Known on this side of the Andes as that svelte piece of land where Shopping is cheap and abundant (they have an H&M store for chrissake!) and where university students passionately display tumultuous revolts against the education system, Chile is making headlines again as Michelle Bachelet, the most progressive president the country’s had since Salvador Allende, was re-elected last Sunday to run the government for the next 4 years.
Like a double-edged sword in a fast-growing economy that has admittedly known how to profit from free-market strategies such as free trade agreements, the re-election of Bachelet with over 62 percent of the popular vote represents a clear demand to revert the most intrinsic problems of a historically conservative and economically liberal country: its high levels of inequality, in a region fed by a restrictive education system and a political system that hasn’t quite managed to leave the Pinochet dictatorship behind.
In such a scenario, the stakes are high and the hopes are even higher. Here’s what you can (eagerly) expect from Michelle Bachelet’s second term:
A NEW CONSTITUTION: Although it has suffered consecutive reforms, Chile’s current Constitution was actually drafted during the country’s last dictatorship and approved by a heavily-questioned referendum (political parties were not even allowed to campaign against it) that paved the way to what was then called “a negotiated transition” between most political parties and the military government. The Constitution not only prevents any further investigation over those who ran the country with an iron fist but it remains, up to this day, pretty restrictive over modern democratic governing procedures, such as the modification of organic laws.
Bachelete’s main proposal is to create a brand new Constitution that erases the remnants of the military dictatorship and reflects the needs of Chile as the democratic and republican country it is.
EDUCATION: The flawed education system in Chile has been perhaps one of the issues that has created greater internal political turmoil, affecting the popularity of president Sebastián Piñera. In a country with such levels of inequality, the higher education system, with its high tuition rates and a pervasive student loan system, has done nothing but accentuate that disparity.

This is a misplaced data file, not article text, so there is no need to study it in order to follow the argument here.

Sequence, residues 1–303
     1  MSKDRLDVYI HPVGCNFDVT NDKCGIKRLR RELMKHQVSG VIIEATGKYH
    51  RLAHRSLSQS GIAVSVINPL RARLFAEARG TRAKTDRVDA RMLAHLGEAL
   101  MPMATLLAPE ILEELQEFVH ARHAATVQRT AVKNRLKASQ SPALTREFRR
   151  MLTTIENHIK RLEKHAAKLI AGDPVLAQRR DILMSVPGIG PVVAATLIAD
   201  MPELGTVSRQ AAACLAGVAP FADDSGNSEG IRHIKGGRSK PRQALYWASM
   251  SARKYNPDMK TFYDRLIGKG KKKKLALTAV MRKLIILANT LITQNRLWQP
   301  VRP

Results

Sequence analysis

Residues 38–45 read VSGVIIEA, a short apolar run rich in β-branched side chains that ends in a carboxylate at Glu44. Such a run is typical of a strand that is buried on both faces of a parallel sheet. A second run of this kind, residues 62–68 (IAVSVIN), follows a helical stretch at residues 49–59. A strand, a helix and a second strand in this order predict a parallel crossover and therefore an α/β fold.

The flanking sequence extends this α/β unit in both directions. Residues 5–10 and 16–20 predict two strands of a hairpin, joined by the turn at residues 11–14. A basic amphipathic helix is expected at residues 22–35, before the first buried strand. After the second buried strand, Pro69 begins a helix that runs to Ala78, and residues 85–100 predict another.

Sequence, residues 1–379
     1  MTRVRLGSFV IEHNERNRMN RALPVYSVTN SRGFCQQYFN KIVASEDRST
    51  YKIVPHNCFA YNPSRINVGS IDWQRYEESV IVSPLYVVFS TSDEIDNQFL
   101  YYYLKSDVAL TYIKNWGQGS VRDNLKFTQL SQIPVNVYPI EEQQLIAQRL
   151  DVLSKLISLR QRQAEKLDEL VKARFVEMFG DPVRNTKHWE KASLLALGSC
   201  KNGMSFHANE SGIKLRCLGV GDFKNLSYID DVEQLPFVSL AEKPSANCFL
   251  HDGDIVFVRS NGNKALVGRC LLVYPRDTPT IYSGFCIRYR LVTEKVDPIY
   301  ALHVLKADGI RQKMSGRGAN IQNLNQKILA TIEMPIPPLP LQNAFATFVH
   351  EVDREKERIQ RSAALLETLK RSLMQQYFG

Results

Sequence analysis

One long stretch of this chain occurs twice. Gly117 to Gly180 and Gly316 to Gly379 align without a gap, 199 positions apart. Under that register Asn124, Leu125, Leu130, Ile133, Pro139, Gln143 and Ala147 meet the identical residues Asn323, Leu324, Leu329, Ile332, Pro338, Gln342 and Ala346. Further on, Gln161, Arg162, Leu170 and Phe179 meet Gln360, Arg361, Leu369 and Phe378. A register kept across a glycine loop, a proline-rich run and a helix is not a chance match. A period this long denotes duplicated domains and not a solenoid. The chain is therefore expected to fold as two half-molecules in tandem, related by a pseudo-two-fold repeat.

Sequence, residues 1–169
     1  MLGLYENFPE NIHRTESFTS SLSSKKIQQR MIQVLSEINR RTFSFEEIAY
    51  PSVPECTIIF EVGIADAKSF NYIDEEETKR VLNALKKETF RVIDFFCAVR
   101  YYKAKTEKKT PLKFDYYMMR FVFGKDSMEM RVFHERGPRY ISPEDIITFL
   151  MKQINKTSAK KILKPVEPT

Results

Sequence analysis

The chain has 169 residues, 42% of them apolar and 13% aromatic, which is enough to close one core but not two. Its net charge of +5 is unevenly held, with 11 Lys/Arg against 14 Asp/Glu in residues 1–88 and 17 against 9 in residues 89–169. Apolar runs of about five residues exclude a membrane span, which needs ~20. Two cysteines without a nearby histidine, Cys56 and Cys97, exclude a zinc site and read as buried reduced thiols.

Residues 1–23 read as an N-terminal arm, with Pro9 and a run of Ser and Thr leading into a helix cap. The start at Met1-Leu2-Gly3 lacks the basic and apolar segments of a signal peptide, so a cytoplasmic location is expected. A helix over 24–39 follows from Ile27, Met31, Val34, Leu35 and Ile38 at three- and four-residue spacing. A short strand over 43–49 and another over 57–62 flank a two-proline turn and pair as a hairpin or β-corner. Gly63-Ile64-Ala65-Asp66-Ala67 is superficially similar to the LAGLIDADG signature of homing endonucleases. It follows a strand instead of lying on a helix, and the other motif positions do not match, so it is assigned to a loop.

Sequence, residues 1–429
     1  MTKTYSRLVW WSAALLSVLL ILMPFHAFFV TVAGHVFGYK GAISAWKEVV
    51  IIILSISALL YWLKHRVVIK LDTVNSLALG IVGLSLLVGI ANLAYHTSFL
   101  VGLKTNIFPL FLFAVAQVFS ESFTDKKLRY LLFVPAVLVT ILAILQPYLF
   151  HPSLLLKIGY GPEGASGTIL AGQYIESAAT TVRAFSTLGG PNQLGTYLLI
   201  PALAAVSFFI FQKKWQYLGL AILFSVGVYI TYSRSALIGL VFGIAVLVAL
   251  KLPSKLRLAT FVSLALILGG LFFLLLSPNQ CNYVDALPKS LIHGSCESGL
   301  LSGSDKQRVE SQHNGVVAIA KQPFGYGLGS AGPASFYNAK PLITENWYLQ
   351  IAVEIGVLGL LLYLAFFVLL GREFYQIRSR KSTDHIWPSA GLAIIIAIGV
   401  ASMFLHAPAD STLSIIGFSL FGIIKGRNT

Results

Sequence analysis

Through a rarely-seen move (a political candidate actually paying attention to the people’s demands, that is,) Bachelet presented a 6-year program that would lead to the creation of a public, inclusive and extensive higher education system that would grant access to high quality education to the vast majority of the population.
TAXES: Nueva Mayoria, the political alliance that Bachelet used as a political platform, has proposed to set up a more progressive tax system to raise US$8.2 billion, which would be used to fund sweeping reforms to the education system.
In a growing economy, it seems quite reasonable to develop a tax system in which those who earn a higher income pay a higher percentage than those with a lower income. History has proven that this may not be that easy and popular as it sounds with the powers that be. We’ll see.
CIVIL RIGHTS: Like I mentioned before, Chile is a country that sits on the conservative side, with strict bans on legal abortions and same-sex marriage. Although I don’t envision the situation taking a drastic turn in the near future, Bachelet said she’s open to discussing new legislation that could decriminalize abortion in certain cases, discuss the option to legalize same-sex marriage and solve disputes with the indigenous Mapuche community through peaceful means, rather than making use of the anti-terrorism law.
Bachelet’s proposal may seem to some beyond ideal and somewhat unreachable, but having risen to power with more than 62% of the votes due to an electorate in desperate need of a brand new political system in an economically stable context is a hard-to-find commodity and probably the dreamed scenario to any politician.
Here is to hoping she keeps her promises and the voters satisfied.
For what is worth (nothing, really), she’s got my vote.